Given that instability issues will continue if left untreated, it is best to take action to resolve the problem.
Some of the best tips we have to offer to help keep your ankles stable and avoid a chronic condition center on:
- Braces for activities – Strenuous activities may be too much for your loose joint. Wearing an ankle brace that allows you to move appropriately will protect your joint from “giving out.” We may prescribe a brace as part of your treatment plan, but remember – it only works if you actually wear it!
- Strengthening – Strong muscles will help to provide greater support and stability, so be sure to incorporate our recommended strength training activities in your workout program. (Don’t worry – this doesn’t mean you need to become an Olympic weightlifter!)
- Stretching – Keep the connective tissues in your ankle joints limber by following our prescribed stretching regimen. This will allow your connective tissues to have the greatest possible range of motion, and not become sprained so easily.
- Sufficient recovery – When you do become hurt, especially with an ankle sprain, it is important to have the injury diagnosed and treated properly at Heartland Foot and Ankle. We have vast experience in treating ankle injuries and will let you know when it is safe to resume your normal activities!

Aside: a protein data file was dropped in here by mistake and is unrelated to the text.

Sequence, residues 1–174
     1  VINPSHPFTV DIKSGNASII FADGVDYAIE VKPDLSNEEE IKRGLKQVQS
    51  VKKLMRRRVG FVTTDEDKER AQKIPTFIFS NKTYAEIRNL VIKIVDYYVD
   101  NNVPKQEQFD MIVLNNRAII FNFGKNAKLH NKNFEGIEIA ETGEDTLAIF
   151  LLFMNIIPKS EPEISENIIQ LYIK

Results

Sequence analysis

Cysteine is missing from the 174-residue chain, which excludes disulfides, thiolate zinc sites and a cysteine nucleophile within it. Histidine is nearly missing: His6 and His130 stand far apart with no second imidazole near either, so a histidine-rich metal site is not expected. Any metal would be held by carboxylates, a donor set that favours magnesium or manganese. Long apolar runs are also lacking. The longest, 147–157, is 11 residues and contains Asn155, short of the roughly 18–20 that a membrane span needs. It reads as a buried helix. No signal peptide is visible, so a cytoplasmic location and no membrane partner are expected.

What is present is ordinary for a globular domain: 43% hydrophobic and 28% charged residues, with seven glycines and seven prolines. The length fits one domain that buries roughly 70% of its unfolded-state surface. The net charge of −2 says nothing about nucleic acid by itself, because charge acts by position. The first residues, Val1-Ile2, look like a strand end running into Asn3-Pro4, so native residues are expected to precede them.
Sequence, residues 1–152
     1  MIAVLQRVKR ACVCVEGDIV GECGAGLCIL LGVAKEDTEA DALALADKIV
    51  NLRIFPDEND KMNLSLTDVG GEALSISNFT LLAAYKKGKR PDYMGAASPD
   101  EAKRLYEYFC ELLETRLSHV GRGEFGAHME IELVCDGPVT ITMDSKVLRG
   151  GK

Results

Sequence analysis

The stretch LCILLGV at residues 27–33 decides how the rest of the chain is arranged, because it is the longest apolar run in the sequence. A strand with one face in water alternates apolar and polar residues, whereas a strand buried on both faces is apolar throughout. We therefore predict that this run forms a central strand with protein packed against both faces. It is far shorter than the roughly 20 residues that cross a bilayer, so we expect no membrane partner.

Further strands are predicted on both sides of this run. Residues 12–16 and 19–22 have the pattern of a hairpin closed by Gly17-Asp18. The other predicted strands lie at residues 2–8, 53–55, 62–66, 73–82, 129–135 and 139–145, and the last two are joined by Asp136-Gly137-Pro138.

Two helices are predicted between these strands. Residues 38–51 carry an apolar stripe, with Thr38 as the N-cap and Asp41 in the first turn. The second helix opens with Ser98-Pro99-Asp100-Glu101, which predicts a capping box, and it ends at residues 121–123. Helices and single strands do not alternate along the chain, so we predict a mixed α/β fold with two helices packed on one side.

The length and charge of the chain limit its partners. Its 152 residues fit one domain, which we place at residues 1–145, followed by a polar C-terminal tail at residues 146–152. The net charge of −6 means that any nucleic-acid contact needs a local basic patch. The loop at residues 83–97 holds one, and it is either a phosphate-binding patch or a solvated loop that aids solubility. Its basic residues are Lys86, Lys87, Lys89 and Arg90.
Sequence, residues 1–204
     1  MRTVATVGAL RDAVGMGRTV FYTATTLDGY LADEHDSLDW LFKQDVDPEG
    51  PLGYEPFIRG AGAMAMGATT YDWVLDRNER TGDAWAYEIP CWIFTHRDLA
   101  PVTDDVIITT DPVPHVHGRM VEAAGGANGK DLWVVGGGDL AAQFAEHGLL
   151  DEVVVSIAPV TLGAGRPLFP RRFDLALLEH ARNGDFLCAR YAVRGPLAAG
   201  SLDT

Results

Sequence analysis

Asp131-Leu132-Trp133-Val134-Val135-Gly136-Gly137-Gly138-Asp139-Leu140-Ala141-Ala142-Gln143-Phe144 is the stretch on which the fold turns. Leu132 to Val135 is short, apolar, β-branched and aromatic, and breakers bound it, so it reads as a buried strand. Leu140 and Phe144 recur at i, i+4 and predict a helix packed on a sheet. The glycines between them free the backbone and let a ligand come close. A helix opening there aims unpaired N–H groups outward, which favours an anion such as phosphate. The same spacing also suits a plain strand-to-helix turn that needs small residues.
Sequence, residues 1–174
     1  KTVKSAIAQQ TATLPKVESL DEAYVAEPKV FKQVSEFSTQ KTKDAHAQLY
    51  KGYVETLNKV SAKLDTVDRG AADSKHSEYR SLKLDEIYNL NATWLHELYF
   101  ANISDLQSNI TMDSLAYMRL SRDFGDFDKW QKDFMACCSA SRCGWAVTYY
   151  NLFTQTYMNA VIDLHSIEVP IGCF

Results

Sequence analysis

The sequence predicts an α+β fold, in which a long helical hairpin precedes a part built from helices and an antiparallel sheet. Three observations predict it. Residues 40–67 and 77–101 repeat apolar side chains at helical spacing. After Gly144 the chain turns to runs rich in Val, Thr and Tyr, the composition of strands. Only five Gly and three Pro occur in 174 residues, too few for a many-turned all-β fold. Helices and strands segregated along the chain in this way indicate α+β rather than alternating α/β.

Some cases of ankle instability are effectively resolved with conservative treatment, but there are certainly instances where surgery is recommended. In these times, we may need to shorten or tighten ankle ligaments, or transfer a tendon from the lower leg and use it as an outer ligament to support the ankle.
Ankle fractures—as is the case with virtually any fracture—can range in severity. On the less-concerning end of the spectrum are simple breaks in a single bone, which might not necessarily keep you from being able to walk. At the other end, having several fractures in an ankle can prevent you from placing weight on the affected limb for several months.
As you might expect, the more bones that are fractured and the greater the severity, the more unstable an ankle will become.